Is your job paying you market wages?
In your career, you are always your own best advocate when it comes to promotions, professional development, and salary. It’s so important to be aware of the value you bring to your role, as well as the market value for your position and your experience. When you go into a negotiation for a raise or a promotion, it’s essential to know whether your job is paying you in line with the current market or if there’s room to grow. The more data you have right in front of you, the stronger your negotiation will be.
So how do you know if you’re making money in line with the current market? Now more than ever, online tools let you scope out detailed information to bring with you into your next request for a raise.
What constitutes a “fair” market wage?
A “fair” wage is one that has two prongs:
- What your industry is paying people in your
- What your company is paying people in comparable
This is typically a range–not everyone will be making the same, nor will exact dollar amounts usually be available in a public search. But having a range of low-end salaries and high-end salaries for people that do work similar to yours is a good way to see where you fit in, and how much wiggle room there is.
Plus, salaries can vary from company to company depending on
an employee’s education level and experience. The upper end of the range is
especially important, because it helps you figure out what’s realistic for you
to be making. (After all, you don’t want to go in to a raise negotiation and be
laughed out of the room because your $10,000 increase request is way out of
whack with the rest of your field.)
Start with a comprehensive job description.
Job titles can vary pretty widely even for similar work in the same industry, so before you start your research, have a bulleted list of job responsibilities. Start with your own, and then do a little digging on job sites for similar titles or key words.
Don’t forget to factor in benefits.
Base salary is useful information, but it’s not always the full picture when it comes to how a person is being compensated in a particular role. Online job descriptions often include at least a partial list of benefits offered by the company, so you can see which companies give their employees medical insurance, paid leave, tuition reimbursement, and other types of compensation in addition to salary. That can be taken into consideration and compared against your own company’s benefits package to see if that lines up with industry standards as well.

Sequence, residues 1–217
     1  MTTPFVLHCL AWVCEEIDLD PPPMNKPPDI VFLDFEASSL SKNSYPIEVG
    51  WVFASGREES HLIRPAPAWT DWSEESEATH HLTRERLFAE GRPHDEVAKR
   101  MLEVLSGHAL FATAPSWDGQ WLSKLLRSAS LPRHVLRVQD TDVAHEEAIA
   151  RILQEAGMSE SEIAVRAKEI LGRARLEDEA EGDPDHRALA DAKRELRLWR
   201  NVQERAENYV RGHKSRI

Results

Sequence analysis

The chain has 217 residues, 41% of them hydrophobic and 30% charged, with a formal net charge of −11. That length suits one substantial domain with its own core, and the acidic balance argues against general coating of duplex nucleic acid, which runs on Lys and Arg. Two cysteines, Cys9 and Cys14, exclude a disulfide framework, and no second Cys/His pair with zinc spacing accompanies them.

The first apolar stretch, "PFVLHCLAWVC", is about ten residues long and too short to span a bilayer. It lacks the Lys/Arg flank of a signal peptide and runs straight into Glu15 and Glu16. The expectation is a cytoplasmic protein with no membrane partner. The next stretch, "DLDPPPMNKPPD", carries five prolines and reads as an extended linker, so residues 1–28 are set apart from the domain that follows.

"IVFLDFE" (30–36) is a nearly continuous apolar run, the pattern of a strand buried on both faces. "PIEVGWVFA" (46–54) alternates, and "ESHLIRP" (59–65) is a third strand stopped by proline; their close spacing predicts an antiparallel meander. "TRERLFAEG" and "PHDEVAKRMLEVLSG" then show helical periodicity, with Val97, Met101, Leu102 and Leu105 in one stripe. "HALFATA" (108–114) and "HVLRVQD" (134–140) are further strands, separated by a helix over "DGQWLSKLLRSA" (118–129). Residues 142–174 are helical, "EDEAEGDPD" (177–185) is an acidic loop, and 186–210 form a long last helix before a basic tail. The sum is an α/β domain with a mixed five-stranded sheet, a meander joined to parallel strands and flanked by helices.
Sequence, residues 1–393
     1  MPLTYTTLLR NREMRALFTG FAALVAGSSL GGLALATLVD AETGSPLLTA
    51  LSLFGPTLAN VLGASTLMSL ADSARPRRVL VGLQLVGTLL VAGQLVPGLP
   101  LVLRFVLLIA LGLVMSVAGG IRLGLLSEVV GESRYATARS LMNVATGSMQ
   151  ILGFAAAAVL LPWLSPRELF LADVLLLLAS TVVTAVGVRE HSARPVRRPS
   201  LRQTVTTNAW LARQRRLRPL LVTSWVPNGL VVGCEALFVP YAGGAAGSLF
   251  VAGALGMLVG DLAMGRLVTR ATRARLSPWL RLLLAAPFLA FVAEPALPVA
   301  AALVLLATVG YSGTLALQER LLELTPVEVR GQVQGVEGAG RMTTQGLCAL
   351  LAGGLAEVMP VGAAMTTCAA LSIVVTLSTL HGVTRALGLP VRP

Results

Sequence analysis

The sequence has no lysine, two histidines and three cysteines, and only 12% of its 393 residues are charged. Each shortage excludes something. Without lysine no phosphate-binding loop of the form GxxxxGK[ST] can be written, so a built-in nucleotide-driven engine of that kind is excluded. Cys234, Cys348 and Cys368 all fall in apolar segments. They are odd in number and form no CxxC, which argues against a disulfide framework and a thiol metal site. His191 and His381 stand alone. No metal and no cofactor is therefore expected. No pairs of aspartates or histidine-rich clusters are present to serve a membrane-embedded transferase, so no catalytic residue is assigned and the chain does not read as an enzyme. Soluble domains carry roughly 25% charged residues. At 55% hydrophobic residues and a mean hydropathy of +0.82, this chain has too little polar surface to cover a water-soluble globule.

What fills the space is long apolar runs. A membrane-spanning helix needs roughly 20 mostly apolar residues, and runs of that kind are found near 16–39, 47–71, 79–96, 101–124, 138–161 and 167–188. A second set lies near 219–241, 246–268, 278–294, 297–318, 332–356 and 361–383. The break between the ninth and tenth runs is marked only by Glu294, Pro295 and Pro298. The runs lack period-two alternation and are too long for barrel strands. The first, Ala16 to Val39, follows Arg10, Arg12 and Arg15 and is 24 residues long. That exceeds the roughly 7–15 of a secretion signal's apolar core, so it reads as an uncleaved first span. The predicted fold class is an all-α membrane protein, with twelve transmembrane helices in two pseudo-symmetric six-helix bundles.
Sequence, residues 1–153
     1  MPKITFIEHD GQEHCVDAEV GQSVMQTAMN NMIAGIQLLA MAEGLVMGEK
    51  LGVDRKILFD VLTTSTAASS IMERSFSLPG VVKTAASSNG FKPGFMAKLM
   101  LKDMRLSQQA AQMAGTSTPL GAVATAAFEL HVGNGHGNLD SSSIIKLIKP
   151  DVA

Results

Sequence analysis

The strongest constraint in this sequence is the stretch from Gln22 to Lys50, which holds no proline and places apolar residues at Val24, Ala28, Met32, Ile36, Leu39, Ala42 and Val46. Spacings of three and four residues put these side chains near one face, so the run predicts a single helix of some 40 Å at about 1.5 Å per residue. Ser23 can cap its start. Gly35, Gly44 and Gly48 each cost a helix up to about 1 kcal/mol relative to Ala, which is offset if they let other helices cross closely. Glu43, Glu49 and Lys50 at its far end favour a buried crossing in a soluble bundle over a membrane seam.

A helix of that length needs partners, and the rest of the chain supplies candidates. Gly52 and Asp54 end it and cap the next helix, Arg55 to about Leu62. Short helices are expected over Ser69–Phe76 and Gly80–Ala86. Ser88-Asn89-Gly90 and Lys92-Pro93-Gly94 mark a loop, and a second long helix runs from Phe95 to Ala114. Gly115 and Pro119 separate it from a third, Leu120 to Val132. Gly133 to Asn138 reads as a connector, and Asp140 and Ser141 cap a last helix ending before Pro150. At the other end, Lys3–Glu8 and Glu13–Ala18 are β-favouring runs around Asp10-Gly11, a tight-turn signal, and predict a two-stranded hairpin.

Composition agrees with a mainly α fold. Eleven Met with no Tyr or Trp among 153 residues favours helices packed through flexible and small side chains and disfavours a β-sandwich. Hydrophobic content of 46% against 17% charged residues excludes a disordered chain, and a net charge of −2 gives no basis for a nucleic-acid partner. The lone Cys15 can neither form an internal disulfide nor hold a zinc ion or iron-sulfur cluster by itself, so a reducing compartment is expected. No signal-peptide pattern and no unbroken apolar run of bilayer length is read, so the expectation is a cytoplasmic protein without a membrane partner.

Search the right places.
Job descriptions on career sites may have salary information, but those may be vague and aren’t always reflective of what a person ends up making in that position after accepting the job and negotiating pay.
The U.S. Bureau of Labor Statistics is a fantastic, comprehensive source for employment data of all kinds–especially salary information. It’s a government database, supplemented by its yearly National Compensation Survey and research, which contains information (wages, earnings, and employment statistics) for just about any job you can think of. Again, having key words comes in handy, because not every job title will be the same–but you can usually find at least an approximate version of your job, if not one that’s right on the nose.
The BLS also provides employment outlooks for each job, which helps when you’re figuring out market value. Is a field declining now, or expected to grow over the next ten years or so? If demand is expected to grow, that can make your skills and experience more valuable from a market perspective.
Sites like Salary.com and Glassdoor also provide valuable
context when it comes to market value. With real data and feedback from real
employees, they also factor in data like location, education level, experience,
and employee reviews to give you a comprehensive picture of each job’s market.
If you’re willing to do a little digging, it’s pretty straightforward to create a picture of your industry’s pay and compensation and figure out where you stand. Having this information at your fingertips will make you a better advocate for your career interests and help you plan your goals and next steps.